With her delicate, little girl-like voice, Blossom Dearie (1924-2009) wasn’t to everyone’s taste. But although her detractors dismissed her as being too twee, Dearie was not the ingenue or fragile flower some imagined; rather, she was an astute musical sophisticate whose performances often abounded with wit and wordplay. Her uniqueness was recognised by Miles Davis, a musician who rarely lavished praise on others but who once described Dearie as “the only white woman who had soul.” Because of her individualistic approach to The Great American Songbook, she became something of a cult sensation and has attracted celebrity fans that range from Kylie Minogue and Georgie Fame to Elliott Smith. Mostly, Dearie is remembered for the six albums she recorded for Verve Records in a fecund period between 1957 and 1960 but this new 6-CD compilation shines a light on a fascinating, and mostly forgotten, later period in the singer’s life and career.
Discover Who I Am begins its story in 1966 when Dearie, whose career began to wane in the US, decided to move to London after appearing at Ronnie Scott’s jazz club. She signed a deal with Fontana that year, which resulted in two well-received live albums (Blossom Time At Ronnie Scott’s and Sweet Blossom Dearie) and a couple of studio outings: 1967’s Soon It’s Gonna Rain, which is reissued for the first time, and 1970’s That’s Just The Way I Want To Be. The two live albums reveal what a magnetic stage performer Dearie was, able to captivate her audience with subtle vocal inflections and witty patter between songs.
Perhaps more importantly, in terms of her career and evolution as an artist, Dearie’s sojourn in London witnessed her transformation into a fully-fledged songwriter; one of the key songs she wrote was a jazz waltz called ‘Sweet Georgie Fame,’ a tribute to the same-named British Mod icon. During the same period, Dearie also wrote songs about two other notable British singers: the infectious ‘Hey John,’ which was written about John Lennon, whom she ran into on a TV chat show, and ‘Dusty Springfield,’ a dreamy, floral ballad about the ‘I Only Wanna Be With You’ singer. Lavish orchestral versions of Dearie’s three celebrity-referencing tunes appear on the album That’s Just The Way I Want To Be, one of the highlights of the box set which also contains ‘I Like London In The Rain,’ which finds Dearie’s delightful gossamer-thin voice counterpointed by Harold McNair’s keening saxophone.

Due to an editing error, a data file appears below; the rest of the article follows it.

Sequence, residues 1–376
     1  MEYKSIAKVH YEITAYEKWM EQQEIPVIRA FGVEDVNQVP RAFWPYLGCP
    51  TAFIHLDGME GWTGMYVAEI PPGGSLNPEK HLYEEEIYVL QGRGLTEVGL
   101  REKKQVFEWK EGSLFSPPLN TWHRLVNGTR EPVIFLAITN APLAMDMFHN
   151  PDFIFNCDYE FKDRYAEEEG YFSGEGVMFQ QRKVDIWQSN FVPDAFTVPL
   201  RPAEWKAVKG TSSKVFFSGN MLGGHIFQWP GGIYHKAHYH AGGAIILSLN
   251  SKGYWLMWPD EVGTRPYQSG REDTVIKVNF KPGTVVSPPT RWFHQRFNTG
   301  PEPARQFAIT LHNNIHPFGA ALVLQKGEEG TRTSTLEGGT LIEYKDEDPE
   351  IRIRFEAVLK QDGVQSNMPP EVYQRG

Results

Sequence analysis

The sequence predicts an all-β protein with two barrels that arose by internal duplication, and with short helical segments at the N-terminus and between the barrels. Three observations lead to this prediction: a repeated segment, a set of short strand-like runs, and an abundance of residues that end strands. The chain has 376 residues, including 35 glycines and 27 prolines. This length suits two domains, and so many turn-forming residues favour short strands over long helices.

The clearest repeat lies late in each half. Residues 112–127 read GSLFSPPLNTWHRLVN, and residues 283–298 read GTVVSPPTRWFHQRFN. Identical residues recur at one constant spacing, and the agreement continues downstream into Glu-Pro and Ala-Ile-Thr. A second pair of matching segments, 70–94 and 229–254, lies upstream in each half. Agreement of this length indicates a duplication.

The box set’s piece de resistance is its treasure trove of previously unreleased tracks which were recovered from tapes found in Dearie’s house after she died. There are 27 in all, and they range from jazz standards (‘My Favorite Things’) to a Beatles number (George Harrison’s ‘Something’) and silky bossa nova grooves (‘Wave’). Among them are also her indelible interpretations of well-known songs from the canons of Burt Bacharach, Jimmy Webb, and Simon & Garfunkel. The set is beautifully packaged and comes with an 80-page hardback book featuring a remarkably insightful essay by Dearie’s friend Jaime Smith and lots of rare photographs. This a superb and lovingly curated tribute to a singular and much-missed artist.